Why collaboration is key to the future of Australia’s higher education sector

By Ron Maxwell - CEO

Collaboration: It’s a buzzword across many industries, as both physical barriers and competitive ones are broken down in a bid to grow and innovate. Our business education programs teach the importance of it, yet it’s an area where our tertiary education sector seems to be lagging.

This sector plays a key role in our economy, and in many ways, determines the future for all of us. It’s long been argued, by both industry and education experts, that a collaborative higher education sector might just be the key Australia needs to navigate a digital future.

Currently, our schools, vocational education and training (VET) providers and universities are siloed, operating on entirely different public funding models, and this can exacerbate competition and stifle collaboration and innovation.

Recently, the Business Council of Australia called for an overhaul of the sector, that ultimately boils down to ensuring that the core focus returns to the learner. Moving toward a shared funding model could see institutions actively seek out collaboration opportunities, from the sharing of facilities to course pathways that increase opportunities for both students and industry.

Inconsistent funding can influence choice

As the focus becomes more and more about increasing student numbers to increase funding, rather than attracting the right students to the right courses, the perfect storm is brewing for our higher education sector.

I’ve talked before about how VET qualifications have long been viewed as the poor cousin, with parents and schools driving students towards university degrees under the misconception that this leads to higher incomes and more opportunity. In fact, in many industries, the opposite is true.

As universities lower entrance requirements to attract more students, and hence more funding, the number of graduates far outstrips job opportunities in many degree-qualified professions. Meanwhile, many of our key industries and trades are facing skill shortages as apprentice numbers decline, while funding to the VET sector is being cut to critical levels.

In a 2015 report on the VET sector around the globe, the Organisation for Economic Co-operation and Development (OECD) found that inconsistent funding was an issue for the Australian sector, and noted that consistent funding is key to ensuring student choices are not distorted by the availability of funds.

This issue is highlighted with nursing studies, where prospective students have a choice of degree and VET qualification pathways. The best pathway should be driven by the student’s career interests and aspirations; however, students completing the university qualification can access up to six times the funding of a VET student, enticing students into the wrong courses and leaving skill gaps across our healthcare sector.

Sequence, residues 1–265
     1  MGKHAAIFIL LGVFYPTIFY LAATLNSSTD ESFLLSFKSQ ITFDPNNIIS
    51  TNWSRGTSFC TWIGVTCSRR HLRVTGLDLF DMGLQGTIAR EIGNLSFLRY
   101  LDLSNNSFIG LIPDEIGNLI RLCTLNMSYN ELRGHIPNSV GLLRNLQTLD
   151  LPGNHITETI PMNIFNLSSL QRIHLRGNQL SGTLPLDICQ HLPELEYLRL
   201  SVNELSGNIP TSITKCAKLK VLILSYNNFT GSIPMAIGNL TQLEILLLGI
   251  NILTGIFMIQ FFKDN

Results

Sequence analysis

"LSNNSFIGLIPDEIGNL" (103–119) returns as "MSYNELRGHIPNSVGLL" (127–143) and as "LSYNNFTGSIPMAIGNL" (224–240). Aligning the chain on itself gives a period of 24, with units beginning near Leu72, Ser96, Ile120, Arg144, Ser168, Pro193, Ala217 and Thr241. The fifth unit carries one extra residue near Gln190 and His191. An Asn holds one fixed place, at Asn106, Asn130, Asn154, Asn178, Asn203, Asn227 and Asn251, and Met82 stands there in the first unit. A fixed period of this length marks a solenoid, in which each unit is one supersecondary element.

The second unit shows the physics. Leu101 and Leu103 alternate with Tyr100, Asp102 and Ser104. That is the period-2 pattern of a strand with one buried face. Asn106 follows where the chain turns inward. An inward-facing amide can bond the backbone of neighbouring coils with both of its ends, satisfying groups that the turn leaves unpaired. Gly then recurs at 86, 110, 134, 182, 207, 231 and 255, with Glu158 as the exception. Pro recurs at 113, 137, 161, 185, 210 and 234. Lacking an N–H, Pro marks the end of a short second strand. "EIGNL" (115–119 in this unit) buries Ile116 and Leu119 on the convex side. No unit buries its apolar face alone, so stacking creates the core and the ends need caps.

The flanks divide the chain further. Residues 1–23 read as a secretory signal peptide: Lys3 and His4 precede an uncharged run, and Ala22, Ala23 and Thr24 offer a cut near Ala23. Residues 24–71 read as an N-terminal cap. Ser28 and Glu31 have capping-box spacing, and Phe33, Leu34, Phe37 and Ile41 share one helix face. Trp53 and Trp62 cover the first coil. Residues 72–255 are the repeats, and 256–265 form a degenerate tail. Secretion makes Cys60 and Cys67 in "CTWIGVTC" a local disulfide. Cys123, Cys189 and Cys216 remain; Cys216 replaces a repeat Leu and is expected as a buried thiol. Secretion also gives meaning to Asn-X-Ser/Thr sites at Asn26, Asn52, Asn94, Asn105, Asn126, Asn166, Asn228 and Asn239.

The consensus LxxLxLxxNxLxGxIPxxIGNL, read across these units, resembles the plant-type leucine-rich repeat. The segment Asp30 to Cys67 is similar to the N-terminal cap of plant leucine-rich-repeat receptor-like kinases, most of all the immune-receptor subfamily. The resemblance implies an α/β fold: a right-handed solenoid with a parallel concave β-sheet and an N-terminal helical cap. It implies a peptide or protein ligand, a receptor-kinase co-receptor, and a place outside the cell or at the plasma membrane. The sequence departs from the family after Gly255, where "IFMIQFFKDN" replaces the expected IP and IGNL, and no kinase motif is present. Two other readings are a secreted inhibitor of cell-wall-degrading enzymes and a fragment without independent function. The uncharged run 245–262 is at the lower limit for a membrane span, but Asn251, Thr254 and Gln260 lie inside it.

In my opinion, introducing a single tertiary funding model to replace the various models currently at play would both encourage collaboration and level the playing field. Enabling institutions to see past the funding battle would allow the focus to shift back to the learner and ensure we are doing the best for our students, industries, and the economy.

It doesn’t have to be either/or

Building nested courses and clearer articulation pathways between school, VET qualifications and university degrees could also benefit individual students and our industries. Under the current system, school leavers are typically asked to make a choice between VET or university, but for some qualifications, a clear pathway between the two could be the answer.

Students could start with a VET qualification, which prepares them immediately for the workforce. Once qualified, students would have the option to continue on to a degree with some articulation credits for subjects completed. This way, there are both clear exit points and opportunities for further study. Imagine the benefits of our uni students already being qualified to work in certain areas of their chosen industry, earning money and building real-world experience while studying.   For industries like healthcare, which is facing significant skill shortages, this would be a massive win.

Physical resources could be shared too

At many of our large institutions, publicly-funded facilities – training spaces, technology etc. - are sitting empty while students and faculty are on semester breaks. Meanwhile, we have community-based training providers scrounging for affordable space and quality resources.  

A collaborative, shared funding model could see these resources allocated better across communities, giving community organisations access to these facilities when they aren’t in use by the institution. This would enrich community learning, while also maximising the return on investment for Australian tax payers.

It can be done

Taking collaboration from theory to practice is a challenge for every industry, and higher education is no exception. Integrating the different models into a single tertiary funding model is a key step in driving collaboration across the sector. It will take dedication from providers, who will need to shift from a win/loss mindset to a truly collaborative one, and considerable political foresight from our federal and state governments, but I believe it can be done.

Our schools, VET providers, and universities working together could be a win for us all, maximizing public investment in education and ensuring we maintain a strong, healthy economy into the future.